June 19, 2013
Syria says army still undecided on ceasefire
Syria said its military command was still studying a proposal for a holiday ceasefire with rebels - contradicting international mediator Lakhdar Brahimi's earlier announcement that Damascus had agreed to a truce.
The statement threw Brahimi's efforts to arrange a pause in the bloodshed in Syria into even more confusion, as the rebels fighting to topple President Bashar al-Assad have given no indication they would be willing to sign up to it.
A previous ceasefire arrangement in April collapsed within days, with both sides accusing the other of breaking it.
Brahimi, the joint U.N.-Arab League special envoy, had crisscrossed the Middle East to push the warring factions and their international backers to agree to a truce over the Muslim holiday of Eid al-Adha - a mission that included talks with Assad in Damascus at the weekend.
"After the visit I made to Damascus, there is agreement from the Syrian government for a ceasefire during the Eid," Brahimi told a news conference at the Arab League in Cairo.
Within an hour, Syria's Foreign Ministry said the proposal was still being studied by the armed forces' leadership. "The final position on this issue will be announced tomorrow," a ministry statement said.
The holiday starts on Thursday and lasts three or four days. Brahimi did not specify the precise time period for a truce.
Nor did the initiative include plans for international observers and rebel sources had earlier told Reuters there was little point if it could not be monitored or enforced.
The two sides are now locked in a battle with huge potential ramifications in the northwest.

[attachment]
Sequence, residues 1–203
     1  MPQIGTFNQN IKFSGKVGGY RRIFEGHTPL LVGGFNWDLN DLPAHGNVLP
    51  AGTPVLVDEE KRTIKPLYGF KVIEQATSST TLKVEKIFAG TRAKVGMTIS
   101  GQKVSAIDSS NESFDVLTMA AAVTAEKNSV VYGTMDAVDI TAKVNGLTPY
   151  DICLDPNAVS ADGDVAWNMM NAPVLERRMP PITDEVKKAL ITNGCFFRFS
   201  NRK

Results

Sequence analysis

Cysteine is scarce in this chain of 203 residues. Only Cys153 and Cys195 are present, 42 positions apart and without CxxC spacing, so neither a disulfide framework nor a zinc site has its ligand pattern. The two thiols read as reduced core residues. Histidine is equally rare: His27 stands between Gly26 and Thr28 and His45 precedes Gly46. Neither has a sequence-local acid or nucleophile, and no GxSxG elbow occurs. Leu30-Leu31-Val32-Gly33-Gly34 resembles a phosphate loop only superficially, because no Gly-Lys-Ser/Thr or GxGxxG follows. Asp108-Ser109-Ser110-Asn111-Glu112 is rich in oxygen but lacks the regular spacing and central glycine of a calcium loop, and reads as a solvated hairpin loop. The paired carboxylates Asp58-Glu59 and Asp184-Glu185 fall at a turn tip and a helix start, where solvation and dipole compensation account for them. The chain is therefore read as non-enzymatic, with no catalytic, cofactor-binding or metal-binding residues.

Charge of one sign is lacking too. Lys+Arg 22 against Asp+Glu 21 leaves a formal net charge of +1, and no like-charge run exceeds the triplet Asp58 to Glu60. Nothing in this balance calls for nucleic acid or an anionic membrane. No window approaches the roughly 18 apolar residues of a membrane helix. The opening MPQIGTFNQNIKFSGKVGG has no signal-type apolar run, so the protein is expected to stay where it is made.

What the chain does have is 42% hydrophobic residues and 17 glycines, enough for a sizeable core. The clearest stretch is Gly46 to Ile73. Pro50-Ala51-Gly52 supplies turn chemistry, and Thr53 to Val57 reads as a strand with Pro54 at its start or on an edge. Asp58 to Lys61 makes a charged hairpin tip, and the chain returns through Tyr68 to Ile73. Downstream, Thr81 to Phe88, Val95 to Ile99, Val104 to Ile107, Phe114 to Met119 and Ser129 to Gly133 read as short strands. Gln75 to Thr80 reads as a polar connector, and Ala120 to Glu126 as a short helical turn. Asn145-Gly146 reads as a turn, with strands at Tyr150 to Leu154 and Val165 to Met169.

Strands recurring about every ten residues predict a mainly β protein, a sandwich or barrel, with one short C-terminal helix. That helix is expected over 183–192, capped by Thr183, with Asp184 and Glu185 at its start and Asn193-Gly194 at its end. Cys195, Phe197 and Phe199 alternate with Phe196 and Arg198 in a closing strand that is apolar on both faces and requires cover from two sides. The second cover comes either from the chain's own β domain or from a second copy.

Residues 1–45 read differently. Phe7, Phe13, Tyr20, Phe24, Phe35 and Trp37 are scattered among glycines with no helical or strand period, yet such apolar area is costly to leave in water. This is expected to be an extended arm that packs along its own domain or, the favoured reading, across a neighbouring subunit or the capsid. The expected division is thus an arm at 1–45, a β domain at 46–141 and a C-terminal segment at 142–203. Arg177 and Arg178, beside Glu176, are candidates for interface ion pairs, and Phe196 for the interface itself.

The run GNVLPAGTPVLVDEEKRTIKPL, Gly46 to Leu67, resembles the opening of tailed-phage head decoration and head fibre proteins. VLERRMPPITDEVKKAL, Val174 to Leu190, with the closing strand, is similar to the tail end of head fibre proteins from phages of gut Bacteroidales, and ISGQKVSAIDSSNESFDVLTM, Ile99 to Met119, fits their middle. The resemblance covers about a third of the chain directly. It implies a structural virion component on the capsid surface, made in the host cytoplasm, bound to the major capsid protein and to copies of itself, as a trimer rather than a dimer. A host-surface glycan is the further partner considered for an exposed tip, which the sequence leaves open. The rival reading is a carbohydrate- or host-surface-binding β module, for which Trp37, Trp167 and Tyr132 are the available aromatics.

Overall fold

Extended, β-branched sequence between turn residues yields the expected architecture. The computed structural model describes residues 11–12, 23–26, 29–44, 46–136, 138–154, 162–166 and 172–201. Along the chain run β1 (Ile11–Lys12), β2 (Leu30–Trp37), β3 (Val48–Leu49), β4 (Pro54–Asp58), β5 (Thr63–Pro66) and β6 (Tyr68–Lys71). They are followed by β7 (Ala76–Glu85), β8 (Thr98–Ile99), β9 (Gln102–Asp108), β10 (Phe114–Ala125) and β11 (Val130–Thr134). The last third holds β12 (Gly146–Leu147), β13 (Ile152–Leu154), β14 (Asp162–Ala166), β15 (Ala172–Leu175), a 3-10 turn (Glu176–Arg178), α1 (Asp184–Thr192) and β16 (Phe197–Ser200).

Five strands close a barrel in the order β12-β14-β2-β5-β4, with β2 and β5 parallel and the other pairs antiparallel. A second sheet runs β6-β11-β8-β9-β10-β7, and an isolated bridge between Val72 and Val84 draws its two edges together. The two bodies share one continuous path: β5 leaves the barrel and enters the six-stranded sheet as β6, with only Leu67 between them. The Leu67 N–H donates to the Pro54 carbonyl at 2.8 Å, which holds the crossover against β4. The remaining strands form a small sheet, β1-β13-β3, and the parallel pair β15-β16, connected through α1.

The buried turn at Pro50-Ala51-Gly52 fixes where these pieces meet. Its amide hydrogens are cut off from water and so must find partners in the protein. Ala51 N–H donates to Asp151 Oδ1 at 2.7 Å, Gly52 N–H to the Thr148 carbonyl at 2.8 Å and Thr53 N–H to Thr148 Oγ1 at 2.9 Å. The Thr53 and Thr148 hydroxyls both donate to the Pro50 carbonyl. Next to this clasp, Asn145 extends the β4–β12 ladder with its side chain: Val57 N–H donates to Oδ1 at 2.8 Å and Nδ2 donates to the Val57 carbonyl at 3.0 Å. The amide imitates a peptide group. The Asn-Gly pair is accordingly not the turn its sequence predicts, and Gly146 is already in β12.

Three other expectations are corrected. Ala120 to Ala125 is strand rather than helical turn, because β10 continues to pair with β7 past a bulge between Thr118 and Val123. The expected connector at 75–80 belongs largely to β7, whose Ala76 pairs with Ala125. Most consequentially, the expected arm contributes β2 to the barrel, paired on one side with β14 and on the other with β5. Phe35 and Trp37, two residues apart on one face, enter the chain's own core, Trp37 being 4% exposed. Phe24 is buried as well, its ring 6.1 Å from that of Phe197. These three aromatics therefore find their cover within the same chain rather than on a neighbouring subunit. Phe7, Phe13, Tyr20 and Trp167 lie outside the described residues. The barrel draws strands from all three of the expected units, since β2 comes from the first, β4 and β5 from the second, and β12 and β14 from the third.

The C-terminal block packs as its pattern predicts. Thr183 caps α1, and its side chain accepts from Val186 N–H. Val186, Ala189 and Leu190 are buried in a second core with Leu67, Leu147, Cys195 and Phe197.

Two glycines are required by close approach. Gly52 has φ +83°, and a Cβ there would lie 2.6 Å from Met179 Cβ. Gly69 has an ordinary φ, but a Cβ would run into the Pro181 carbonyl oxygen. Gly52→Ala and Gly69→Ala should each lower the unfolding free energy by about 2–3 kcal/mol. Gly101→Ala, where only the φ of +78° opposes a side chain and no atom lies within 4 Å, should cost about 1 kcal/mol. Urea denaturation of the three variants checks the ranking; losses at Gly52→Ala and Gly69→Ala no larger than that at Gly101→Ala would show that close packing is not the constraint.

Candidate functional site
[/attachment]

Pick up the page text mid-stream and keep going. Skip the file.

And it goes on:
Syrian warplanes carried out bombing raids on Wednesday on the strategic northern town of Maarat al-Numan and nearby villages while rebels surrounded an army base to its east, an activist monitor said.
Five people from one family, including a child and a woman, were killed in the air strikes, according to Rami Abdelrahman, head of the British-based Syrian Observatory for Human Rights.
Maarat al-Numan has fallen to the rebels, effectively cutting the main north-south highway, a strategic route for Assad to move troops from the capital Damascus to Aleppo, Syria's largest city where the insurgents have taken a foothold.
But without control of the nearby Wadi al-Daif military base, their grip over the road is tenuous. Its capture would be a significant step towards creating a "safe zone" allowing them to focus forces on Assad's strongholds in southern Syria.
The rebels say the ferocity of counter-attacks by government forces shows how important holding the base is to Assad's military strategy.
Opposition activist footage on Wednesday showed a column of grey smoke rising after a bomb hit the village of Deir al-Sharqi, a few kilometers (miles) south of the base.